I went with the plum-colored shirt for two reasons. First, the color goes well with my skin tone, but is bold enough that I'll stick out in the crowd (plus I'll have my name plastered across my chest in WHITE). And second, I plan to run in my teal colored sports bra. As much as I liked the bright orange and green shirts I tried on, I didn't want my stripped tanktop or sports bra to show through my outer layer. Nothing can be seen through the plum-color. I love it; K does, too. I asked her to pick her favorite shirt from three different colors and she immediately was drawn to the plum.

I went with the Nike shirt over the Brooks because it just fit better. I have long arms for my height and the Nike size-medium had longer sleeves. It rested comfortably on my hips and was a little softer to the touch.

I really like my outfit and so excited.

Goal for this week and next: get my mind into the game and start believing I can run faster than I did in NYC last year. I also need to stretch more EVERY DAY. And probably should increase my stretching sessions to TWICE A DAY.

Pictures of my race attire will be forthcoming.


Once again this year, I am taking myself out of the running for the coveted Mom of the Year Award. So to the judges and committees who determine who is to win this award, here me now:

After the events of last night, I am officially out of the running.

Yesterday was an off day for K. She was up an hour early - coughing and complaining of being hungry. She did have a little cough and she was plenty hungry. She finished a cup of milk and banana before heading downstairs for breakfast.

The lost hour of sleep left her a little sluggish during the morning. She had a mini-breakdown at the park because another little girl was eating goldfish crackers and I did not have any crackers (of any kind) for her. To my credit, I did have sliced mango, grapes, and cheese for her. We left the park and headed home for lunch. She ate two bowls of broccoli-cheese pasta. (Maybe my little peanut is in the middle of a growth spurt!?!?) During lunch the man from the security company came to install our alarm system (an hour early). In addition to installing the hardware, which involved some drilling, he was all over our house. So K went down for a nap about an hour later than normal. Needless to say, by the time evening rolled around last night she was spent. She actually told me she was tired before we headed off to meet D at the metro around 6:30.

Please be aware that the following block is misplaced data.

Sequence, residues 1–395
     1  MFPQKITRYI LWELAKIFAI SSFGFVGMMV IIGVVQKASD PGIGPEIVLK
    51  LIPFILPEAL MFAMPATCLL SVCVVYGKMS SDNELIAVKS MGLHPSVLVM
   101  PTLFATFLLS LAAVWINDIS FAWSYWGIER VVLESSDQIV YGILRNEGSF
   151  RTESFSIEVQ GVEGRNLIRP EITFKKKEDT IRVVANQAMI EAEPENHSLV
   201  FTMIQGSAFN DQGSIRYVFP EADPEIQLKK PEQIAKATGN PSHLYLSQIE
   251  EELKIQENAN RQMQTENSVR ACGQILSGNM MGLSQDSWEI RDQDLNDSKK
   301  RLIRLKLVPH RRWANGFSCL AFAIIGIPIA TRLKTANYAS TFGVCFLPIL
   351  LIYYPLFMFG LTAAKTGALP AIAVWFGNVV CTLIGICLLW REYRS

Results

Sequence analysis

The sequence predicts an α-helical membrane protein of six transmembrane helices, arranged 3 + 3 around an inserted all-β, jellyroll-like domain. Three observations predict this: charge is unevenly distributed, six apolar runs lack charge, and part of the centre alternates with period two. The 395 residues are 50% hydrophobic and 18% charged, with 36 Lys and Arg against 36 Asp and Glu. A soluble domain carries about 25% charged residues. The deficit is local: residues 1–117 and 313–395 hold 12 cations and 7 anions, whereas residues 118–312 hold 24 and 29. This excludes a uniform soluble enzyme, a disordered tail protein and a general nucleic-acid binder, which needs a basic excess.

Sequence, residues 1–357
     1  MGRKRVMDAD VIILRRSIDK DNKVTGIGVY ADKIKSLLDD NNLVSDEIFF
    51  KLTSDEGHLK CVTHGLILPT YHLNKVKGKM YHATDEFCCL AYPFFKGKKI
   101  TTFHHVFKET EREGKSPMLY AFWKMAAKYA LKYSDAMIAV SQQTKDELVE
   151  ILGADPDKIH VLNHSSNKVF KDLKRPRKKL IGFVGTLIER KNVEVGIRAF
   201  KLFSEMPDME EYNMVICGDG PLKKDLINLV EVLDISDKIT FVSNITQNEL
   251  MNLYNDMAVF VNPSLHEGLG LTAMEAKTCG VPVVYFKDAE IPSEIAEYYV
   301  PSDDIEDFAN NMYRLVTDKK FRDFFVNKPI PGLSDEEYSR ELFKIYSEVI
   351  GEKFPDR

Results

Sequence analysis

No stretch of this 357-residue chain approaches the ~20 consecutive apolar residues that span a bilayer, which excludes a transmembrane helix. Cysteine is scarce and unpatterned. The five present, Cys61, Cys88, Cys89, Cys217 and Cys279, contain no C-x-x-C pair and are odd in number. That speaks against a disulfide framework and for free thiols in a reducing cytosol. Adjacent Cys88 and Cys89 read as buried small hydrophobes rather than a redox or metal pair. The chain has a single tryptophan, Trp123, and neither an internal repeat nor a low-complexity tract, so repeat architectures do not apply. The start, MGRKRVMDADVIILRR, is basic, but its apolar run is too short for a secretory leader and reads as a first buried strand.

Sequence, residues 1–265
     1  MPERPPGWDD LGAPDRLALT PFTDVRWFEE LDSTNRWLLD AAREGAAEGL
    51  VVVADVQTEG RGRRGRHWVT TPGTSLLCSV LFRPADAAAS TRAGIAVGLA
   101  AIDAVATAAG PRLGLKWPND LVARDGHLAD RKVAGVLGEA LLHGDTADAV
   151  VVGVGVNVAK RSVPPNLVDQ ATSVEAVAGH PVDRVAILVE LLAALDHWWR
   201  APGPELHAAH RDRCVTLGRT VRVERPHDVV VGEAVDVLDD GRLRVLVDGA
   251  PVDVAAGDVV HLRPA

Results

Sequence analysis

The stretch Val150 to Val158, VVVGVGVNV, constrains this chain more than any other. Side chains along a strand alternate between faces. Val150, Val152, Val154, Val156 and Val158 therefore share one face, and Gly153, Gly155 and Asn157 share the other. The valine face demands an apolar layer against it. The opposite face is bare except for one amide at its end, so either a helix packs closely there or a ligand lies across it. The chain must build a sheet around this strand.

She finished her bath around 8:40 last night. She pitched a fit over who-knows-what before I convinced her it was time to go upstairs to sleep. We went into her room like we always do. She turned on her "music" (the white noise machine) and turned off her lights. Then she hit the floor running for one last game of "hiding". This has become part of our bedtime routine... in the dark room she hides from me, I count to five, and then she runs up to me with a big, "Ahhhhhhhh... found you!"

Last night she decided to "hide" on top of her big pillows. She dove head first thinking she was going to land on her pillows and become invisible. Instead, she dove head first into the metal bars of her crib. I heard her hit a little spring before the crying began. And I knew it hurt.

I turned on the lights before picking her up.